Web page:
We’re in Eastman, Wisconsin right now on our virtual drive through Crawford County in Southwestern Wisconsin from Rising Sun to Prairie du Chien. St. Wenceslaus Church stands tall out on the edge of Eastman. That’s where Ann and I were married August 14, 1965. My brother Ed, and brother Phillip, we also married at St. Wenceslaus.
Father Baer was the parish priest for many years. He was a chaplain in WWII. He died in 1973 , age 71, and buried in the Church cemetery with a simple military marker. Heavy Irish descent here with names of Becwar, Boylan, Check, DuCharme, Garvey, Morovits, Mezera, and Kramer.
Two uncles and aunts, Arnold and Clara Scheckel, and John and Helen (Scheckel) Feye are buried here as well. My wife’s parents, Leonard and Loretta Martin are here. A good friend and classmate, excellent athlete, and student at Seneca High School, Bob Slama, died way too young at age 45. Bob was the manager of the Power and Light company in Richland Center when he passed away in 1987. He married Charlene Walker, who was a Wauzeka, classmate of my wife, Ann. Graduating class of 1964.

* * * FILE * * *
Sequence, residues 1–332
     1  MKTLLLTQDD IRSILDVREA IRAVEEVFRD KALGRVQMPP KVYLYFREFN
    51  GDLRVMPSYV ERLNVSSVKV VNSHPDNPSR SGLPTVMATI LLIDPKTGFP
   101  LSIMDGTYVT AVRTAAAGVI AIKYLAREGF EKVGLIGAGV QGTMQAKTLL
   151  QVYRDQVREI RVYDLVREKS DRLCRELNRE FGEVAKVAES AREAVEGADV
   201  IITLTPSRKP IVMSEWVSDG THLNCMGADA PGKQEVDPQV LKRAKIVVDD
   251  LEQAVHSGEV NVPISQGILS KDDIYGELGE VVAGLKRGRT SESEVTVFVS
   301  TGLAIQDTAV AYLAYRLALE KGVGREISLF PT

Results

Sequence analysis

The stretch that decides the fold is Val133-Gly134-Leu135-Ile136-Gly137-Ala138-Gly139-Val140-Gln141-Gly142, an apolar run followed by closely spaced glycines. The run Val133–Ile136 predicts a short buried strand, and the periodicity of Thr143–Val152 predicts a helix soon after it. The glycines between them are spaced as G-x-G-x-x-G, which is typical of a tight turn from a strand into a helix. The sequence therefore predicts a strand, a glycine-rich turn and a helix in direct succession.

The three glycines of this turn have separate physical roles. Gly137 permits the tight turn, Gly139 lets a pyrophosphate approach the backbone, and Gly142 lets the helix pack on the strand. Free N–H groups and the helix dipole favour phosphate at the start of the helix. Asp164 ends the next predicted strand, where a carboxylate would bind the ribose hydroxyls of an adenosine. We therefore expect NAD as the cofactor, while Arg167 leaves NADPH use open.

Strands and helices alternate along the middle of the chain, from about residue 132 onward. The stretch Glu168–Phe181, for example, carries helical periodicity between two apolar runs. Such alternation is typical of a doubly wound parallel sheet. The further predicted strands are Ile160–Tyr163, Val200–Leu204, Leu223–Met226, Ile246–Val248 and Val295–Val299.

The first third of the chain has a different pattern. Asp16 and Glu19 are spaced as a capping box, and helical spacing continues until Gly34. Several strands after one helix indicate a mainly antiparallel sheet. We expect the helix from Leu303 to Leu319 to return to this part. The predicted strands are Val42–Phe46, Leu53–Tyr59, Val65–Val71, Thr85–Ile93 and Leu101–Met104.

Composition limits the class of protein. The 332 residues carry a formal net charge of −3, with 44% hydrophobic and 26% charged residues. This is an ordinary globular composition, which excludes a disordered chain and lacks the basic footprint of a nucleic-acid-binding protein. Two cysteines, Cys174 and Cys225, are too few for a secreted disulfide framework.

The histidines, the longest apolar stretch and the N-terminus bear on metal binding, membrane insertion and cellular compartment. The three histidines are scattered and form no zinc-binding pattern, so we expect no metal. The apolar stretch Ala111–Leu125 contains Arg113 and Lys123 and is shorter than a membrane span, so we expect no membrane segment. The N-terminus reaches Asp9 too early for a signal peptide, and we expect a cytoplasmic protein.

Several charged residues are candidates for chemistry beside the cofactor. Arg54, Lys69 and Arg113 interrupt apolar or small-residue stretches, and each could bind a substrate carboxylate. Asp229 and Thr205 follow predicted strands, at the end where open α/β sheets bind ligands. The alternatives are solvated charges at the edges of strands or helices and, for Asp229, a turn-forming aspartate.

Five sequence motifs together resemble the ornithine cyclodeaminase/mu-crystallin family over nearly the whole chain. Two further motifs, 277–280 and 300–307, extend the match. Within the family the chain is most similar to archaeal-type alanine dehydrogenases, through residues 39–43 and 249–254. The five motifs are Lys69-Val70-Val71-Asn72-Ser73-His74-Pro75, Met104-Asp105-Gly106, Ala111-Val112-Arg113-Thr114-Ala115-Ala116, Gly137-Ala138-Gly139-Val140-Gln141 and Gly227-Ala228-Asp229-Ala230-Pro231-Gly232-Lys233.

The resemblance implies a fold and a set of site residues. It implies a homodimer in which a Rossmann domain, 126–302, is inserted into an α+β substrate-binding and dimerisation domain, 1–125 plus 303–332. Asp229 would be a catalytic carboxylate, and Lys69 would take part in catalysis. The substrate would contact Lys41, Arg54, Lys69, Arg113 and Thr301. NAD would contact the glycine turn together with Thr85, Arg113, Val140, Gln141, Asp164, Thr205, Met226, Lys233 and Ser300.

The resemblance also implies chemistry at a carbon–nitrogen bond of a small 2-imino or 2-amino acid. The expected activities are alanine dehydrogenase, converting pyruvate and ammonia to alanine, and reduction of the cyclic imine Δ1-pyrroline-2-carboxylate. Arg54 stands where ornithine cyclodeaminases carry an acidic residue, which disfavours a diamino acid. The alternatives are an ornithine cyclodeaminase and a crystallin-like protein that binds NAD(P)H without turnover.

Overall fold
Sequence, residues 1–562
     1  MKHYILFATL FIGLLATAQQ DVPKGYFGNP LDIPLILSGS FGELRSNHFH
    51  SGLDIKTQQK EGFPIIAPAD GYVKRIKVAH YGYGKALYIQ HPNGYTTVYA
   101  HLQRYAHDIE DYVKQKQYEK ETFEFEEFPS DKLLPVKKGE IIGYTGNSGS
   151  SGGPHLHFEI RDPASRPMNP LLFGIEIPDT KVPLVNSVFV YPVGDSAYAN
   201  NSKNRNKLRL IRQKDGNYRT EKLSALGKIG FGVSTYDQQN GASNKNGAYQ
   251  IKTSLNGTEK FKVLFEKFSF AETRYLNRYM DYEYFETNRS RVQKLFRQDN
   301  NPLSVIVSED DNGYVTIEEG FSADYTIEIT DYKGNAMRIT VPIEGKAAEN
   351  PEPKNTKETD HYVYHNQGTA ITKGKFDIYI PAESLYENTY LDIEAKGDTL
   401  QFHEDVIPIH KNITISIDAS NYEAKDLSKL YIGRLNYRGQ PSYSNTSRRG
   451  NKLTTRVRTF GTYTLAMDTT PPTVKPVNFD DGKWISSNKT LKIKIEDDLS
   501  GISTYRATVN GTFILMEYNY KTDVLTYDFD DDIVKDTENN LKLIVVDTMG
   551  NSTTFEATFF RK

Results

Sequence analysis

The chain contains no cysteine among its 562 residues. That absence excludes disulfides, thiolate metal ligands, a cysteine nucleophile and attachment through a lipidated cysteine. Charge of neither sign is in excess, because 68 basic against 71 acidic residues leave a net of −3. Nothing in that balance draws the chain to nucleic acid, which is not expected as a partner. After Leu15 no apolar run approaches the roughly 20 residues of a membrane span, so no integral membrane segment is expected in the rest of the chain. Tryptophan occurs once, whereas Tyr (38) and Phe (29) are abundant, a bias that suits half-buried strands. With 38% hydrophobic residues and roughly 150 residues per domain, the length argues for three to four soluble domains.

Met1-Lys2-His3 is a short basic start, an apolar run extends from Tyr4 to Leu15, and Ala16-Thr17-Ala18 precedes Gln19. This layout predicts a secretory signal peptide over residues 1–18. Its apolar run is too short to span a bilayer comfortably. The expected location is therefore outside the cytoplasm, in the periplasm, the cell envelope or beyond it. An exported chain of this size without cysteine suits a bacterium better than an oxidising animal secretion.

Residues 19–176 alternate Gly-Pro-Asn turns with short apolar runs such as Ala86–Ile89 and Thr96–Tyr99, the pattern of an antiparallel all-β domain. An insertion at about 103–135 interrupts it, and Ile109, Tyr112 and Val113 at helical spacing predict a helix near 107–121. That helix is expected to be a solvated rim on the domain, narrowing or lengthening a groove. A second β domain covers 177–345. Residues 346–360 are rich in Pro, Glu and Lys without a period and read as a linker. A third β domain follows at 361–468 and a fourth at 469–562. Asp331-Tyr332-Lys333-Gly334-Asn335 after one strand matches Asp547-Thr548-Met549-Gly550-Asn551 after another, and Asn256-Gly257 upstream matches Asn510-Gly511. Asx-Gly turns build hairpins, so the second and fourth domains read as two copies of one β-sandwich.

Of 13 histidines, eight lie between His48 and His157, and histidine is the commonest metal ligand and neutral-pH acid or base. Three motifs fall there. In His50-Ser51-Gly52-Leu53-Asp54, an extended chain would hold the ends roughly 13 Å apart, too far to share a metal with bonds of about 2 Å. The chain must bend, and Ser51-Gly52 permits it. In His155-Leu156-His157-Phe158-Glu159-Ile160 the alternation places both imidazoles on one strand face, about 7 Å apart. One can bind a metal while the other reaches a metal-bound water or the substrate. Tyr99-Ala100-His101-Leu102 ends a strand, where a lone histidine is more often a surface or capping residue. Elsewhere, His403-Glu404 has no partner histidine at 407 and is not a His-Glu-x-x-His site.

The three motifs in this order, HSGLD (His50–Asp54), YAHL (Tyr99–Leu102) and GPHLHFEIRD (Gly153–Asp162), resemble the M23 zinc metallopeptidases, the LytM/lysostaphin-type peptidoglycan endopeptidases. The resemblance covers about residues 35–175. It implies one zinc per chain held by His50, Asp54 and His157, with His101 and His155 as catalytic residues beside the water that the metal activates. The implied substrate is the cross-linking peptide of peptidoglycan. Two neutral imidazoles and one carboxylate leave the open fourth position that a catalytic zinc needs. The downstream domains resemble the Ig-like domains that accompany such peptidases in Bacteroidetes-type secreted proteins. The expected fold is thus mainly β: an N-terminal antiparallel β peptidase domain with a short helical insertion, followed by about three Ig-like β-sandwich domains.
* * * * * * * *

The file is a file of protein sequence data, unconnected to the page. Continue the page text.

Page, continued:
A good web site to use, by the way, is findagrave.com. Very helpful if looking up family history, or where a friend or acquaintance might be. You certainly don’t want to find your own name there! Better to remain above the sod, if you get my drift.
Fr. Nobert J. Wilger was the presiding priest at our Aug 14, 1965 wedding. The interior of the church as changed little since that time. Fr Wilger was at various parishes in the La Crosse Diocese, but spend the his last 40 years at St. Mary’s in Altoona, where is pasted away in 2011 at age 87.
Ann and I went out east for our honeymoon. Across Illinois, Indiana, Ohio, Pennsylvania, Washington DC, Gettysburg, Williamsburg, Va, Norfolk and Atlantic Ocean. We walked up the stairs to the top of the Washington monument. Took the elevator down. We were young and foolish.
In Williamsburg, we visited the church that George Washington attended. The church was not quite open for tourists that early in the morning. Very few people were around. We went in and sat in George Washington’s pew. It was roped off and we weren’t suppose to sit there. But we did anyway and took a picture. The docent arrived and “kicked” us out of there. Like I say, we were young and foolish.